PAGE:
Microfinance: Training and Saving in Sudan

Sudan microfinance

The graduates clap and ululate as each participant receives her certificate. Photo by Melita Sawyer/CRS

Melita Sawyer, Microfinance Technical Advisor at CRS headquarters in Baltimore, recently attended a graduation ceremony in Sudan.

Graduations are a big deal in Sudan. Not that they go unnoticed in the United States, but here in Khartoum, the capital of Sudan, graduations mean singing, dancing, showering graduates with congratulations (and sometimes fake snow too) and lots of food—all during the ceremony.

I was really looking forward to attending the graduation ceremony for 150 women who received vocational training through CRS’ Khartoum State Poverty Reduction program, and it far exceeded my expectations. The minute we arrived and heard the all-women’s marching band playing a lively tune, surrounded by graduates happily dancing, I knew that this graduation would be different.

Before the ceremony began, we were able to see wonderful displays of the skills the women had learned during their three-month vocational training courses. There was embroidery, crocheting, examples of health and beauty skills like henna painting, jams, baked goods, dried dates … the list goes on. Before the training topics were decided, CRS’ partner Khartoum University conducted a market study to ensure all of the skills would be in demand in the local market. As a result, the women have already been able to start selling their goods and services and increase their incomes. For someone who is a bit of a microfinance and livelihoods geek, this was incredibly great to see.

Sudan dance

A professor from Khartoum University dances to the tunes of the all-women’s marching band. Photo by Melita Sawyer/CRS

I was also happy to see and speak with many women I’d met earlier during a visit to a Savings and Internal Lending Community (SILC) group. SILC is a microfinance method that emphasizes savings and makes savings, loans and insurance available to people that aren’t being served by formal financial institutions. All of the vocational training graduates are also involved in SILC groups. The combination of these activities has been really important, as participants are able to take loans out from their SILC groups to launch small businesses using their new skills.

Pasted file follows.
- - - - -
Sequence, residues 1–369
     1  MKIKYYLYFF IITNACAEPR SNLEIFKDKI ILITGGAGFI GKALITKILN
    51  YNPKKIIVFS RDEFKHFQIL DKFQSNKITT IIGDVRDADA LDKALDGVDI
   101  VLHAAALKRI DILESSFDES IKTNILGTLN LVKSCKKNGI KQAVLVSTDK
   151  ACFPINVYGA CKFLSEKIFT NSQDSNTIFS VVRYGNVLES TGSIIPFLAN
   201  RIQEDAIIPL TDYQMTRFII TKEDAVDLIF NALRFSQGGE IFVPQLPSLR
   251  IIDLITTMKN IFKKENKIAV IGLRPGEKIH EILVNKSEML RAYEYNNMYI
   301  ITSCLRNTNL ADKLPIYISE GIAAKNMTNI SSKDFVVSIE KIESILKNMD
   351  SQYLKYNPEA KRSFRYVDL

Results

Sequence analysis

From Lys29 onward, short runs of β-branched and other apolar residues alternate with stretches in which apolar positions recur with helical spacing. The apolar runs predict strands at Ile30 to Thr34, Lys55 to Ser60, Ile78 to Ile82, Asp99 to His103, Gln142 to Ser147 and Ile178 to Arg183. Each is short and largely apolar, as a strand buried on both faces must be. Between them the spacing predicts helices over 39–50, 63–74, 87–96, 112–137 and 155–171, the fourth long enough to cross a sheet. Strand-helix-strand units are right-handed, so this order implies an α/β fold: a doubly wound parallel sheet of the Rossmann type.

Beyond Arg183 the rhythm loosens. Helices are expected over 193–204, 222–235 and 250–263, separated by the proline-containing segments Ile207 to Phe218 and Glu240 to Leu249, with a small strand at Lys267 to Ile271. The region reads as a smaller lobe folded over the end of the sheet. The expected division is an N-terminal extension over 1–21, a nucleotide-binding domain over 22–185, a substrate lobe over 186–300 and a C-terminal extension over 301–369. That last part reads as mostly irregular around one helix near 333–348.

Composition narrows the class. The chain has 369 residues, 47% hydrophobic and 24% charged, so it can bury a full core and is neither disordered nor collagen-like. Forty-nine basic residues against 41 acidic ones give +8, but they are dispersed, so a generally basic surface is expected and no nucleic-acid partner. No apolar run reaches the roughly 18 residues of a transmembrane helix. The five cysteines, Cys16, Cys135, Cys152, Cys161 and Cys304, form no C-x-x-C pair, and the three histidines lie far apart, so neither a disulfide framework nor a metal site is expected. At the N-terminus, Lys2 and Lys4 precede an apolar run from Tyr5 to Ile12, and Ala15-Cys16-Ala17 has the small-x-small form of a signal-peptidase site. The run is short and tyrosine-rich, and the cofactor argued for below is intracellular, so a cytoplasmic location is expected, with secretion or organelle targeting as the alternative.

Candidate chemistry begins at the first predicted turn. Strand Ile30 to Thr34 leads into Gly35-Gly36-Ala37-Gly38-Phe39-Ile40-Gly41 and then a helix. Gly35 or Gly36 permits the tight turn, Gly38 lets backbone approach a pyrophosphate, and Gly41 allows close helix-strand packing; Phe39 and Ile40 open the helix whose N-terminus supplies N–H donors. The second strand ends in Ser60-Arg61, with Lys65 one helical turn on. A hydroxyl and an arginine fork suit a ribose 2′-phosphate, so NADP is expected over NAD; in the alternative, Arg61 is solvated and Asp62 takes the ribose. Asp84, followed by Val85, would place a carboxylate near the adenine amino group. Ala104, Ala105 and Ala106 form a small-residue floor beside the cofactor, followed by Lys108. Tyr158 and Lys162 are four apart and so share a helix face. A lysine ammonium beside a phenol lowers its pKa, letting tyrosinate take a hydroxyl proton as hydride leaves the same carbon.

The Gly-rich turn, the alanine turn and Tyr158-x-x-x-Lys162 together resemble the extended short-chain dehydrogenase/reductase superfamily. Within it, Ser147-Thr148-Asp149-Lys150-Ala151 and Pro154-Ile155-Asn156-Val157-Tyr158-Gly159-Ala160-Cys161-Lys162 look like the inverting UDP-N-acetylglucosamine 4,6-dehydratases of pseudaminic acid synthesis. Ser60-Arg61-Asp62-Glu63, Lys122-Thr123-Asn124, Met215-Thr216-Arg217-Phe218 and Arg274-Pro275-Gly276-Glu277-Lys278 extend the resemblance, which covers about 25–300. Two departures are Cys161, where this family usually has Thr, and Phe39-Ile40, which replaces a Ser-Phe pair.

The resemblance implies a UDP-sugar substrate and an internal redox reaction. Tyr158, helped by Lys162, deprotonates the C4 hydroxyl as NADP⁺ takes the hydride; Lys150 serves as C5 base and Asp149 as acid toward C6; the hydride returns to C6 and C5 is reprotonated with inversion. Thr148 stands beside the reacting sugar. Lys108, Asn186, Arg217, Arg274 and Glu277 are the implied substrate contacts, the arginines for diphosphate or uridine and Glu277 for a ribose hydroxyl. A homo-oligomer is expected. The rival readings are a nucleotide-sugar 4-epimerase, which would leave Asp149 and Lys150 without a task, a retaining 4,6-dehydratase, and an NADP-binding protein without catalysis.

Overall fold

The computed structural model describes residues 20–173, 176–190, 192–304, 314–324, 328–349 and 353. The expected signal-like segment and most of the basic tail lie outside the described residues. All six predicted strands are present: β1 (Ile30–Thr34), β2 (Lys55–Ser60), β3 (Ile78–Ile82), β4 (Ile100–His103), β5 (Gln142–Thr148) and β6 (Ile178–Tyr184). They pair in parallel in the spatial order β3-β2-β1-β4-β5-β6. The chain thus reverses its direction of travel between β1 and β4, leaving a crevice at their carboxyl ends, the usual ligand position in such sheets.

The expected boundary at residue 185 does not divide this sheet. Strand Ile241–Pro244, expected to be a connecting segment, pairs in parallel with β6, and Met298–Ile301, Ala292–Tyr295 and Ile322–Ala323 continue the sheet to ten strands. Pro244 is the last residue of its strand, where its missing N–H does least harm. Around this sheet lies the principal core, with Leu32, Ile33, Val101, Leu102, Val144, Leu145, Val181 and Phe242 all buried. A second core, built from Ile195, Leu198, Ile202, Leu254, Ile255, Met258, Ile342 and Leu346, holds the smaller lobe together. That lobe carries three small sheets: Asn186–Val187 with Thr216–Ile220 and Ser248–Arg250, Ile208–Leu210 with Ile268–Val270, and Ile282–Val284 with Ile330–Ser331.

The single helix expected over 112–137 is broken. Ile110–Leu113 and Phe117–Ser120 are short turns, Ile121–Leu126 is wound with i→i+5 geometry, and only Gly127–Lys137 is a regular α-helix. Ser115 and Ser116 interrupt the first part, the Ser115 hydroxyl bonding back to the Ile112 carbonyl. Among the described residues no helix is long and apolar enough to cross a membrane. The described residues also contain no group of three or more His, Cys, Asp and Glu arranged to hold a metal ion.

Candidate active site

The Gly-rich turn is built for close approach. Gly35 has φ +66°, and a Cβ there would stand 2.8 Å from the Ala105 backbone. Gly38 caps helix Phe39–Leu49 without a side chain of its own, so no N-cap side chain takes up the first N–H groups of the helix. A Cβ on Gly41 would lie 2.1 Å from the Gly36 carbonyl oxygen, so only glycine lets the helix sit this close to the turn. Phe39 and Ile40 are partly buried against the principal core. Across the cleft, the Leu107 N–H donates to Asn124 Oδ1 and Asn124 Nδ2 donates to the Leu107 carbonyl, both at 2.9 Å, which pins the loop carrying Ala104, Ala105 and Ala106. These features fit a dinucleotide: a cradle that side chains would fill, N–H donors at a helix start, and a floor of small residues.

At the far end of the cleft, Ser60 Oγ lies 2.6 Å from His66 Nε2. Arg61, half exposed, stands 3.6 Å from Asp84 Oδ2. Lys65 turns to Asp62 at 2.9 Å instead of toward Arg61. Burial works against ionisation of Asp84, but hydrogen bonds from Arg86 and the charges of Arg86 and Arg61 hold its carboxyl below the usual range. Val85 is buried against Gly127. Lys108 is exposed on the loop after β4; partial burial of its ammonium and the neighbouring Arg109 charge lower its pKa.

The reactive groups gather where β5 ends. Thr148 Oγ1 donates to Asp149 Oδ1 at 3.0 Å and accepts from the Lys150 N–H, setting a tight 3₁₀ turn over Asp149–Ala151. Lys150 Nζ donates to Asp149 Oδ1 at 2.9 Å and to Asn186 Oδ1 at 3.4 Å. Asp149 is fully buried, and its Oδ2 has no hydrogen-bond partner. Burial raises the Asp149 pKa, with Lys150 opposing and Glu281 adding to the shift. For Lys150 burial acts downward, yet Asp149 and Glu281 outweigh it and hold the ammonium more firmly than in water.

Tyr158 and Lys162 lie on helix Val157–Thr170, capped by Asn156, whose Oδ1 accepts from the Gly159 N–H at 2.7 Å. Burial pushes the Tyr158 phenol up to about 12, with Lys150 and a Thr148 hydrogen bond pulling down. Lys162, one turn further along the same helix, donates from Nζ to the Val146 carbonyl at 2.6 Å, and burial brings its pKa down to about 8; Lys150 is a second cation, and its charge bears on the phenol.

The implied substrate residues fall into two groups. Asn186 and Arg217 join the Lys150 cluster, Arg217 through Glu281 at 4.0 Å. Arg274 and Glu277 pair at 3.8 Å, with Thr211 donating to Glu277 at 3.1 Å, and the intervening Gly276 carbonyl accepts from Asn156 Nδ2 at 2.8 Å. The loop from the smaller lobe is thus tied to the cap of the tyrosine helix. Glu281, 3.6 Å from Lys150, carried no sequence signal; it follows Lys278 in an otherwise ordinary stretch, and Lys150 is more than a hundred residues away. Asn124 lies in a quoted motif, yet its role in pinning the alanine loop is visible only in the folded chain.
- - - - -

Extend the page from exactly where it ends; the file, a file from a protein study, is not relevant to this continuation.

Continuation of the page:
Not only do these women now have skills that are demanded by the market, but they have the means to start and expand their businesses. They can also use their SILC group to save their profits and then invest those savings back into their businesses or families. For example, many women use their savings to pay their children’s school fees.

Another highlight of the afternoon was meeting the professors from CRS’ partner, the Khartoum University Home Sciences Department. Many of these professors had donated their time to teach the women the skills they are now so proud of.

This project has done a wonderful job of bringing together a mix of partners—community-based organizations, academics, NGOs and the private sector—to help women and youth improve their incomes. Khartoum University hadn’t previously been involved with a project that works directly with people in poor communities, but the experience was a very positive one for them. The Dean of the University said they plan to increase their work in this area.

Overall, this project has helped 3,000 women and youth living in Khartoum’s poorest neighborhoods and camps for internally displaced people to change their lives for the better. It was evident in speaking with project participants that the benefits gained went far beyond improved skills and access to financial services. People also made some important new friendships and are incredibly supportive of one another. In communities with diverse populations, this is exciting to see. As Fatima, one of the women who I had met at the Wahda “Unity” SILC group, told me, “Before this project, we didn’t really know people from other tribes. Now we truly love each other.”

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